Every now and then the spirit of a movement or an inspiration is transmitted to the world through a single word. The words ‘perestroika’ (restructuring) and ‘glasnost’ (openness) uttered by the last president of the Soviet Union Mikhail Gorbachev in the mid-1980s come immediately to mind.

Such things also happen in the Church. Pope St John XXIII spoke about the need for an ‘aggiornamento’ of the Church, and this common Italian word acquired universal significance and led to the Second Vatican Council.

In like manner Pope Francis speaks about the need for ‘discernment’. Like ‘glasnost’ and ‘aggiornamento’ before it, ‘discernment’ implies a whole movement of attitude and thought which challenges us to think differently.

This has taken many by surprise. People are used to debate, to discuss, to argue, and even to vote on issues, but hardly ever to discern about them, not least in the Church. The term needs some explanation.

The Oxford English Dictionary describes ‘discern’ as: “perceive clearly with mind or senses, make out by thought or by gazing, listening, etc.” An enlarged definition could add: to separate, to accurately distinguish one subject from another.

One big difference between debating and discerning is that usually the first is a confrontation between ideas until one wins over the others while the second consists of a common search for the best way.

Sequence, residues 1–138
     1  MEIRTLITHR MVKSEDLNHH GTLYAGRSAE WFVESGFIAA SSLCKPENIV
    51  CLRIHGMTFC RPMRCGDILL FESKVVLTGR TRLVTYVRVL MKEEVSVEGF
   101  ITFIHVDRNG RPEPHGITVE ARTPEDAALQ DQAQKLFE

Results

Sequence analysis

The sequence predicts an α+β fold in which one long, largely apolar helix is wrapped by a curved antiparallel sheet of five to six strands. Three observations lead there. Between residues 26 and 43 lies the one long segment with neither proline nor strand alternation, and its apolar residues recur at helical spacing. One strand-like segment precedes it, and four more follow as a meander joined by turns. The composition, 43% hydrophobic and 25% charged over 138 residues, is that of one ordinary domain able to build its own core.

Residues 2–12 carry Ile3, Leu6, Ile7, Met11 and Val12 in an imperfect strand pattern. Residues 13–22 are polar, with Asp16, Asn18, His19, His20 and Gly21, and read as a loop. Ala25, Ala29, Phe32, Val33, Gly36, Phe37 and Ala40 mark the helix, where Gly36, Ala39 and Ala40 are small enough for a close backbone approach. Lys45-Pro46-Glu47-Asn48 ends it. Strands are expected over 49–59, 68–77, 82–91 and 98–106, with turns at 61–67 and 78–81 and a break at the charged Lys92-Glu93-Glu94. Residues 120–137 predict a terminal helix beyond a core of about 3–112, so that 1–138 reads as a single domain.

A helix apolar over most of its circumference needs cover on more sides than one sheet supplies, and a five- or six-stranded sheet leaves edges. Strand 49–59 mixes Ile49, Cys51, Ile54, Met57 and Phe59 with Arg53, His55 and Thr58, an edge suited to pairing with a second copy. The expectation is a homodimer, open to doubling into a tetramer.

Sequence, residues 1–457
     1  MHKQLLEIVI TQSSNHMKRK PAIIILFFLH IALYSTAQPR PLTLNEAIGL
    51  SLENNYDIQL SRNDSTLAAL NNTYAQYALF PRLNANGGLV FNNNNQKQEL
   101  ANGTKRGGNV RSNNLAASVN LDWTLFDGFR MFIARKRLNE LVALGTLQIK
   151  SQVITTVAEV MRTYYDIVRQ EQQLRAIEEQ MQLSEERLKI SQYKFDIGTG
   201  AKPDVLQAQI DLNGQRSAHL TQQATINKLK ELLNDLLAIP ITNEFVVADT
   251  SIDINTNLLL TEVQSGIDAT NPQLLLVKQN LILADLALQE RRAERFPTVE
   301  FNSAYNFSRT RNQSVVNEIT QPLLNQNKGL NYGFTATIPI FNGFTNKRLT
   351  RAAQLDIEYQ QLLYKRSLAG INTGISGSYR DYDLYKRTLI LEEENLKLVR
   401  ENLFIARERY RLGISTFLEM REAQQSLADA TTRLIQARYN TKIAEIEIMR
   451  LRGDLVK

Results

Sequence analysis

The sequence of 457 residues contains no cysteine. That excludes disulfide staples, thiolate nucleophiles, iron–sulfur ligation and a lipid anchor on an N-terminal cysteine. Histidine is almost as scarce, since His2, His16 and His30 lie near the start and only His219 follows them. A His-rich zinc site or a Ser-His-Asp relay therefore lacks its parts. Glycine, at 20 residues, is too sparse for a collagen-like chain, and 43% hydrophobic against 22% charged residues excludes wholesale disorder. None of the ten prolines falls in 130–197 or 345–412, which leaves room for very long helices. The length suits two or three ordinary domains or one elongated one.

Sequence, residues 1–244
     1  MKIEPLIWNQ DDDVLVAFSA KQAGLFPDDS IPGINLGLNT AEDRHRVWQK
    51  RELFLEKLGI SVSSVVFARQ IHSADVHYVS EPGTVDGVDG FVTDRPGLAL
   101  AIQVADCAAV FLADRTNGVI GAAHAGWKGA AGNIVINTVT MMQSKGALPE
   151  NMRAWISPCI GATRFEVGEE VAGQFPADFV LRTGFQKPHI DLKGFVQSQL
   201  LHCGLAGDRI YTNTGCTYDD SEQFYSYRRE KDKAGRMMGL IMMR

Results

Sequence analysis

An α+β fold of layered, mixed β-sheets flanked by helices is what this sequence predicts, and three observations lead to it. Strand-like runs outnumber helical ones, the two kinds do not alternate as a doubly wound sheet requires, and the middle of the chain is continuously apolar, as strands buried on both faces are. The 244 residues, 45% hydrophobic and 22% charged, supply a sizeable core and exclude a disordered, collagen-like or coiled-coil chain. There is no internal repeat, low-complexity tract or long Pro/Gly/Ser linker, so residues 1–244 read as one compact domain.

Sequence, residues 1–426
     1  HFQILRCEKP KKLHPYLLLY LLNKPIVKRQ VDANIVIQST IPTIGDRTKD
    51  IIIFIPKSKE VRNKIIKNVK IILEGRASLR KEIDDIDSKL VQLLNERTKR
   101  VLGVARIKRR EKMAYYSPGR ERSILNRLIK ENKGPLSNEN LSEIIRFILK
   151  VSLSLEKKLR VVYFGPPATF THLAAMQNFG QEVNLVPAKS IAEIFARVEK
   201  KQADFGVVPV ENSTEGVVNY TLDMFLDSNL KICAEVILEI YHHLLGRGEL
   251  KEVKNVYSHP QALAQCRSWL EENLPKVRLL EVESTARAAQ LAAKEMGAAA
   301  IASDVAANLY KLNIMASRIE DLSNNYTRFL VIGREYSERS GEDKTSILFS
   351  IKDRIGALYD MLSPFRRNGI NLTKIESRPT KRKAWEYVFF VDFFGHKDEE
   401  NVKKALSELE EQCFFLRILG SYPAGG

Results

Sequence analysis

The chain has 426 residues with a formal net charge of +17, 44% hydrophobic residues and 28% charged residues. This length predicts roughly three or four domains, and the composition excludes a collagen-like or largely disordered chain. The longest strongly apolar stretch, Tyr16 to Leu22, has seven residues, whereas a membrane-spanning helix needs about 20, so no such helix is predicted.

In discernment, the attention is on an issue, which is examined as objectively as possible. Most of the time, debaters come with fixed ideas about an issue and when someone’s mind is set it is not likely that they will listen to what others have to say. So they simply put their ideas forward forcefully. Given that nobody comprehends an issue fully, this results in all remaining ignorant of some aspects.

Emphasising the object, discernment invites us to take some distance from our ideas and open up to the ideas of others. This is not easy because we let go of our way of seeing things very reluctantly but it is the only way to see all the facets of an issue. With better understanding it is more likely that we would arrive at the best conclusion.

Very often, issues are complex; they are not black and white but the proverbial grey. This is why Pope Francis insists on discernment. Not being used to this, many feel frustrated because they interpret the lack of clarity as a liability that causes confusion. Especially on moral questions, they prefer hard and fast rules.

However, hard and fast rules are not always helpful in responding to complex issues. Rules are general, while we live in particular situations, many of which are not contemplated by the rule. Confessors have always been urged to guide single penitents to apply the rule to their particular situation. This is called the internal forum.

Pope Francis wants the whole Church to become a discerning body, to take some distance from fixed ideas and be open to the Holy Spirit and to each other so that together we find God’s way of moving forward in our ever-changing world.  To this end, Pope Francis is promoting the synods. Literally ‘synod’ means ‘walking together’. Pope Francis insists that during a synod all should listen to what everybody else is saying because the Holy Spirit inspires everybody.

This way will lead to convergence because ultimately, the Holy Spirit is one. This is what the Church experienced during Vatican II. Continuing to listen exclusively to oneself blocks the action of the Holy Spirit.

Fr Alfred Micallef is a member of the Society of Jesus.


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